Never mount the coil inside the vehicle cabin and especially not near the ICE control modules. Control modules should be inside the vehicle cabin and the coil in the engine compartment. This allows the firewall to act as a shield against electrical noise. The powerful spark produced by the ICE system also creates more electrical noise, and if the coil is near the control modules, this will lead to problems.
Plug gaps depend on a variety of factors, so the following information is only intended as a guide.
For modified naturally aspirated applications, plug gaps will generally be between .025″ to .035″. In some cases, the ideal plug gap will be outside this range. In all cases, it is always safer to start with a smaller plug gap and work towards a larger plug gap.
For all modified supercharged applications, whether blown, nitrous or turbocharged, plug gaps will generally be between .015″ to .025″. In some cases, the ideal plug gap will be outside this range. In all cases, it is always safer to start with a smaller plug gap and work towards a larger plug gap.
If you require any clarification, please call or email our tech support service.
The ICE Ford distributor uses a .490″ diameter shaft. Can I use this in my early Cleveland?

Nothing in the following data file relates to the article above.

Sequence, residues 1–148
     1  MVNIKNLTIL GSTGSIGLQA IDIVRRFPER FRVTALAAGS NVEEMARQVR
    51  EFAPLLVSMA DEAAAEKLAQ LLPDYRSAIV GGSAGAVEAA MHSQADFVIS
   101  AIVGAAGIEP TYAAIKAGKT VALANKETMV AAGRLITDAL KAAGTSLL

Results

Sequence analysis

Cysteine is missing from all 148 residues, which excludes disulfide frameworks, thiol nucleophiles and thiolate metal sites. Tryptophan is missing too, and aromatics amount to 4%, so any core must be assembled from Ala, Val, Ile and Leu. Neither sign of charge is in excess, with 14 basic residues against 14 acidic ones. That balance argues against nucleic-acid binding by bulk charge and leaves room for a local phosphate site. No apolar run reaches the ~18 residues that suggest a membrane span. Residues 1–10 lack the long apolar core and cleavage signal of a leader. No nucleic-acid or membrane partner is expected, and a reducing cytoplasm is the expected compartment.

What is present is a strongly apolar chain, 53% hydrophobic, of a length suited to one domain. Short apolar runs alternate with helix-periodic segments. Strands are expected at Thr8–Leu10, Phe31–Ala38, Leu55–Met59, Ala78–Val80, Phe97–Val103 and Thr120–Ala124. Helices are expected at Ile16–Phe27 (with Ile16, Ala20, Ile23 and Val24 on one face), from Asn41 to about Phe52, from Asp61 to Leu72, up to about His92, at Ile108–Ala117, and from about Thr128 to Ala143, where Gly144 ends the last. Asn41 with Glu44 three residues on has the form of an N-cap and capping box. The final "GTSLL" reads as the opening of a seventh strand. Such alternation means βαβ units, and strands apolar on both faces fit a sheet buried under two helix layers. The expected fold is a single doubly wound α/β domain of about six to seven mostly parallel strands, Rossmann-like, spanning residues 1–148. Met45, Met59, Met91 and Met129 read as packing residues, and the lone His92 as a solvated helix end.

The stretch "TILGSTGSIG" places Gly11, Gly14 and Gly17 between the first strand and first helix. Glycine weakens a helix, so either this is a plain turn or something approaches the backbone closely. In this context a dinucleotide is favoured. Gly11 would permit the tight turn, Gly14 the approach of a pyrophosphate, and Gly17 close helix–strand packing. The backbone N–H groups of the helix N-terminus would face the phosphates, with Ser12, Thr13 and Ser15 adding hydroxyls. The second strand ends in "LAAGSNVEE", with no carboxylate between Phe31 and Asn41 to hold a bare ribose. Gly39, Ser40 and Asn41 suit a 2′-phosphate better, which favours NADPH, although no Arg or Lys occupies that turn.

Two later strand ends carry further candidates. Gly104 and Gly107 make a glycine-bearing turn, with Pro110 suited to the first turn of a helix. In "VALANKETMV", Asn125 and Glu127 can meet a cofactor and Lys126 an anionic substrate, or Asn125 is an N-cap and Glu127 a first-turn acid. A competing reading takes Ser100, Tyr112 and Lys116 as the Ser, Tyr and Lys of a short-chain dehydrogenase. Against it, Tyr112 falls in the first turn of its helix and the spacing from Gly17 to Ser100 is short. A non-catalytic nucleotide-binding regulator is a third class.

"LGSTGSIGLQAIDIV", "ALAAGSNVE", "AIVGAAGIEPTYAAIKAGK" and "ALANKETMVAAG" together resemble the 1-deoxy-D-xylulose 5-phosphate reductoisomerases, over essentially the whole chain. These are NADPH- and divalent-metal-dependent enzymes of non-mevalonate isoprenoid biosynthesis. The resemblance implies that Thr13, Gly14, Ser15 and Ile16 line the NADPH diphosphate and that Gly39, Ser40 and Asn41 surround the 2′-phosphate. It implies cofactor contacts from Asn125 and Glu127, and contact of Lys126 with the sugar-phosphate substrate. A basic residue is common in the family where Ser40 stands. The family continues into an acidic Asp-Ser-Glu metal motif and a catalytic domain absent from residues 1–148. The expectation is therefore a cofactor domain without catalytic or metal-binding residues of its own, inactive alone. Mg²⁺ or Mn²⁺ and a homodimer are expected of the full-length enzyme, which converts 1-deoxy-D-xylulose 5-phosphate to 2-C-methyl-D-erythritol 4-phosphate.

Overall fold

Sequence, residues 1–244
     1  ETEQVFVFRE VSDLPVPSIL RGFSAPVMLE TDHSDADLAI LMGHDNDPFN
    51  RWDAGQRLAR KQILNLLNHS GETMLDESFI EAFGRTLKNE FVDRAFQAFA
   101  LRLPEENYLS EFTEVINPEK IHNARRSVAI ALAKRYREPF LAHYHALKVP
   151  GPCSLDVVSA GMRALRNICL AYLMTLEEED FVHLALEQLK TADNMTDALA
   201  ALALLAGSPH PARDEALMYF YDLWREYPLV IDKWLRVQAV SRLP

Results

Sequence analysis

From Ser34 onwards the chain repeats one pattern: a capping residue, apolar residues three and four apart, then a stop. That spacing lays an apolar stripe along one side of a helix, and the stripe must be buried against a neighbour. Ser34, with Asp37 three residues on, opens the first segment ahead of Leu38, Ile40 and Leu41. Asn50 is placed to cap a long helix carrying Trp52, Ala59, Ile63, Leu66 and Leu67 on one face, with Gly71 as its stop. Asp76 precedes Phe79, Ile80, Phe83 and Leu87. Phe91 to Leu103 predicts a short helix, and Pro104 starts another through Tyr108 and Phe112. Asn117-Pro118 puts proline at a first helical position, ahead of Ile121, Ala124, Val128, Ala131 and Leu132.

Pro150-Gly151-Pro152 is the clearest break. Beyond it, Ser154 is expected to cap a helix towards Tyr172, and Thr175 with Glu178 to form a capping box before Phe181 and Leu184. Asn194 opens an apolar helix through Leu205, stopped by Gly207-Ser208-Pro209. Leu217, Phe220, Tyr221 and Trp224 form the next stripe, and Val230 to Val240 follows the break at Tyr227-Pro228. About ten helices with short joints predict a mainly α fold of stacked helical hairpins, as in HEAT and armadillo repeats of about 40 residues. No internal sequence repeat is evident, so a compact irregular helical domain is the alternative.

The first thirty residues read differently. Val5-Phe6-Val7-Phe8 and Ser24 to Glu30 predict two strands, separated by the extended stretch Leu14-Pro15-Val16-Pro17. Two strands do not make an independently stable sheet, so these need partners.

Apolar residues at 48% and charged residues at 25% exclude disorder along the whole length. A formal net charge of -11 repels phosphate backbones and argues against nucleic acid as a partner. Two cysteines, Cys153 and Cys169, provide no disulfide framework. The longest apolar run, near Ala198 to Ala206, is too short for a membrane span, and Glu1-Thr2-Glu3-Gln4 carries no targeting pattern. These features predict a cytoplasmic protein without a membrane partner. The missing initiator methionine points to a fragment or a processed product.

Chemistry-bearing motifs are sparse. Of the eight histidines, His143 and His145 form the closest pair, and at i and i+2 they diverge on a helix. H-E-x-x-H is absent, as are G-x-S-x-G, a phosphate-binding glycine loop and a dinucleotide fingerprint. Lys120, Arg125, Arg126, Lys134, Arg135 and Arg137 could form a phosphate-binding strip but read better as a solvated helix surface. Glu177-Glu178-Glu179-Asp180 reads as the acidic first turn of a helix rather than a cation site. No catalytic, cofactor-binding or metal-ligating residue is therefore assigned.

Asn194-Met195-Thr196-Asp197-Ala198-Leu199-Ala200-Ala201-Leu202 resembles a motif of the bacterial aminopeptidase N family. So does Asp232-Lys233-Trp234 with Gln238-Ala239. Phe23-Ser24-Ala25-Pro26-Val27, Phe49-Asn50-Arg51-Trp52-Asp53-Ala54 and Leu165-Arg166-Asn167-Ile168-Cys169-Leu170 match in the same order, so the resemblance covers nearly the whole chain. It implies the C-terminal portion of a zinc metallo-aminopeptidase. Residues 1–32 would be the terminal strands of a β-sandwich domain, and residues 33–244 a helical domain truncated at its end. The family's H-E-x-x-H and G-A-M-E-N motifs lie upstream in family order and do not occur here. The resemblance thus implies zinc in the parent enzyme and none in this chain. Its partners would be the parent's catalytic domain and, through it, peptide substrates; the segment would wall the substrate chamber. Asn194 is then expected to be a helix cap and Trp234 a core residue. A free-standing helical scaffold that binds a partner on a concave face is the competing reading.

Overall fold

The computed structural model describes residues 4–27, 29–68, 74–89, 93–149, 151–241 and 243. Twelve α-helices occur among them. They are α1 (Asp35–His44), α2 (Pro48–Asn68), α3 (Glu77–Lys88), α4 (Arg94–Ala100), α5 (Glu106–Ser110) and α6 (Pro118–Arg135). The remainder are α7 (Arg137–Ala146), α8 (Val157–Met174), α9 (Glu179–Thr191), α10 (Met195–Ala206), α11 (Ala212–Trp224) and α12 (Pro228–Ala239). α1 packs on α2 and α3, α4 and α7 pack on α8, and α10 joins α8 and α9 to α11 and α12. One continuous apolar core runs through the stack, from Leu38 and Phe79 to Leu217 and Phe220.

The ICE Ford distributor can be used in any model Cleveland engine.
The factory distributor utilizes a single bush in the top of the distributor housing, and the block is effectively the second (lower) bush. The ICE distributor features a high temperature Nachi / Honda roller bearing in the top of the distributor housing and an extra bush in the bottom of the distributor housing, thus not relying on the block for support.
The reason for this is twofold. First, all second hand Cleveland engines will have wear in the block where the distributor shaft locates, thus not providing proper support for the distributor shaft. The ICE distributor overcomes this problem by virtue of its design. Secondly, the ICE Ford distributor can be transferred from a late Cleveland to an early Cleveland without any modifications.
The answer to this depends on many factors. However, to keep it simple, we can use camshaft duration @ .050″ as our guide.
Therefore, the following is recommended:
190 – 210 degrees @ .050″ = initial timing of 12 – 16 degrees BTDC
210 – 230 degrees @ .050″ = initial timing of 16 – 20 degrees BTDC
230 – 250 degrees @ .050″ = initial timing of 20 – 24 degrees BTDC
250 – 270 degrees @ .050″ = initial timing of 24 – 28 degrees BTDC
270 + degrees @ .050″ = locked timing
Of course, other factors like compression ratio, type of fuel, intake system, torque converter and diff ratio to name a few, play a part, so must be considered as part of the overall combination. The guide above does not preclude having more or less initial timing for a particualr camshaft size, but gives a starting point for tuning.